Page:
Most diabetics unaware of their condition: HCFI

11:35 am Health Care, Heart Care Foundation of India, Medicine, Social Health Community

People with risk factors such as a family history of diabetes must take precautions at an early age

New Delhi, 21st May 2019: A large-scale population-based study has found that only half the Indian adults in the most productive age group (15-49 years) are aware that they suffer from diabetes. Only one-fourth of those diagnosed and treated have their blood sugar under control. In light of the poor level of awareness, treatment and control, the need of the hour is to focus on primary prevention and screening efforts. This will help reduce the burden and impact of diabetes in India.

According to the WHO, there are about 62 million people living with diabetes in India, a number that is projected to increase to 70 million by 2025. The ‘lifestyle disease’ is a massive public health obstacle for the second most populated country in the world. Diabetes can increase the risk of life-threatening complications including kidney damage and heart disease.

Speaking about this, Padma Shri Awardee, Dr KK Aggarwal, President, HCFI, said, “A high-calorie diet rich in processed and junk food, obesity, and inactivity are some of the reasons for the increased number of younger people with diabetes in the country. Not getting checked in a timely manner and not following the doctor’s protocol further complicates matters for them, putting them at a risk of acquiring comorbid conditions at a relatively younger age. There is also a belief that because young people with Type 2 diabetes do not need insulin, it is not as sinister as it seems. However, this is a false notion. This condition requires immediate treatment and management.”

The symptoms of Type 2 diabetes develop slowly, over time. Some of them include increased thirst and hunger, frequent urination, weight loss, fatigue, blurred vision, slow healing of infections and wounds, and skin darkening in certain areas.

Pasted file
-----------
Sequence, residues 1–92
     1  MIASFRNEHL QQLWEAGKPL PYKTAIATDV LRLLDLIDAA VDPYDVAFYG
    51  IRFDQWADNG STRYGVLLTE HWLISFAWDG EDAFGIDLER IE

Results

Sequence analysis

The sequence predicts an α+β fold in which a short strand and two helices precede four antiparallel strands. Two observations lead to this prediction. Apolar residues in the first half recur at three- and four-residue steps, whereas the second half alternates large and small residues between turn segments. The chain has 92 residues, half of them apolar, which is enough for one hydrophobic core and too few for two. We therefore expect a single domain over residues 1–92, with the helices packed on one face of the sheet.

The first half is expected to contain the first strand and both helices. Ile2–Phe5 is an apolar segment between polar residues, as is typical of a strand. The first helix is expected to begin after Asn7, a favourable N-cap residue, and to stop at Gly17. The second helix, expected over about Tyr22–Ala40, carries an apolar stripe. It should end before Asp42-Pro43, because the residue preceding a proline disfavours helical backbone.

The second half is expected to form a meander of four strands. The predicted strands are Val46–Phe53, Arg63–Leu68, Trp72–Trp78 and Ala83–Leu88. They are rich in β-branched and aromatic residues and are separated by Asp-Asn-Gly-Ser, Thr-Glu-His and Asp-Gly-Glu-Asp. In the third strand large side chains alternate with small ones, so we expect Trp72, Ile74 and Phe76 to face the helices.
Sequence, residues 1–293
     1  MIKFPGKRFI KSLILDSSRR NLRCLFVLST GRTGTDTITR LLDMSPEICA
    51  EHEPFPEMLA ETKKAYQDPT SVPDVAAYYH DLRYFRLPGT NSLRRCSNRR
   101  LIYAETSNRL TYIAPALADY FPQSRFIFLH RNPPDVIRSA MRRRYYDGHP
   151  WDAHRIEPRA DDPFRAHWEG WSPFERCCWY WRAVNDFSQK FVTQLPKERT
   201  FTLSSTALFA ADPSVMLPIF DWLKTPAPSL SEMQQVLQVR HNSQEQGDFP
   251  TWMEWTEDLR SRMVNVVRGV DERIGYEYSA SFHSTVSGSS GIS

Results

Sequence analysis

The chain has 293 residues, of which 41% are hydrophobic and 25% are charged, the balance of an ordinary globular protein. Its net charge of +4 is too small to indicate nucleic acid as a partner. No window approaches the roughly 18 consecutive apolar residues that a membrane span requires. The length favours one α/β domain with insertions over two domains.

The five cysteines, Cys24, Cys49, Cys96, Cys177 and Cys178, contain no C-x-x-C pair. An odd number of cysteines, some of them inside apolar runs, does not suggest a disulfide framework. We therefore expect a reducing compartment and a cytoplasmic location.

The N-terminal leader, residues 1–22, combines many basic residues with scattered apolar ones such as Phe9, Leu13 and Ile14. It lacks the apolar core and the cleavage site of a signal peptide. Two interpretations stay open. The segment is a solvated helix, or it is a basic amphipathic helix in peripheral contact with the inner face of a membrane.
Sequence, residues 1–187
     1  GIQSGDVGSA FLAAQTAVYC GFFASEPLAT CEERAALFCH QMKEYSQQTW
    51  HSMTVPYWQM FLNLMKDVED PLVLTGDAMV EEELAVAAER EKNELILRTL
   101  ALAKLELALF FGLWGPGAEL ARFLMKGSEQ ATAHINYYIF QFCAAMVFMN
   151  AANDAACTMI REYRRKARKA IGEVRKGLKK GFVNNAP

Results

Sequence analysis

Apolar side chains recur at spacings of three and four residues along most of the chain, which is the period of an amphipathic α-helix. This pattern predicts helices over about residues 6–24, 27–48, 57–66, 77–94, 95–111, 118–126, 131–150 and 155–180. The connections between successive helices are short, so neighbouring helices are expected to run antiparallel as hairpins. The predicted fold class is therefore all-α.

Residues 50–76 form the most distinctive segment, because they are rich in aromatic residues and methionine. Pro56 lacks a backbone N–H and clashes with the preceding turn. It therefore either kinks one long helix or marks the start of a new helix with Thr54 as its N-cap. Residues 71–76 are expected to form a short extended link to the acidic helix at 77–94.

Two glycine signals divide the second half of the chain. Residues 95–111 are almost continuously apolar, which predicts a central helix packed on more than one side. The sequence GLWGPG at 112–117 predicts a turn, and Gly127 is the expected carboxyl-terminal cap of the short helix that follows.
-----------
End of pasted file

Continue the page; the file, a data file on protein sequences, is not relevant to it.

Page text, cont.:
Adding further, Dr Aggarwal, who is also the Group Editor-in-Chief of IJCP, said, “Small and gradual changes can be made in the family so that no one is left out. This will also be encouraging for youngsters with adults setting examples for a healthy lifestyle. Such changes can help a youngster lose weight (if that is the issue) or help them make better eating choices.”

Our ancient rituals and traditions have given us a way out of this conundrum. They advocate the principles of ‘variety’ and ‘moderation’, that is, ieat a variety of foods, and in moderation.

They recommend including all seven colors (red, orange, yellow, green, blue/purple, white) and six tastes (sweet, sour, salty, bitter, pungent, and astringent) for a balanced diet.

HCFI’s Formula of 80 to live up to the age of 80 without lifestyle disorders.

  • Keep lower BP, LDL ‘bad’ cholesterol levels, resting heart rate, fasting sugar and abdominal girth levels all less than 80.
  • Walk 80 minutes a day, brisk walk for 80 min a week with a speed of 80 steps (at least) per minute
  • Eat less and not more than 80 gm or ml of caloric food each meal.
  • Observe cereal fast 80 days in a year.
  • Do not smoke or be ready to shell out Rs. 80,000/- for treatment.
  • Do not drink alcohol; if you do, do not consume more than 80 ml per day for men (50% for women) or 80 grams per week. Ten grams of alcohol is present in 30 ml or 1 oz of 80 proof liquor.
  • If you are a heart patient, consider 80 mg aspirin and 80 mg atorvastatin a day.
  • Keep kidney and lung functions more than 80%.
  • Avoid exposure to PM 2.5 and PM 10 levels < 90 mcg/m3.
  • Avoid exposure to >80 dB of noise.
  • Take vitamin D through sunlight 80 days in a year.
  • Do 80 cycles of pranayama (parasympathetic breathing) in a day with a speed of 4 per minute.
  • Spend 80 minutes with yourself every day (relaxation, meditation, helping others etc.).

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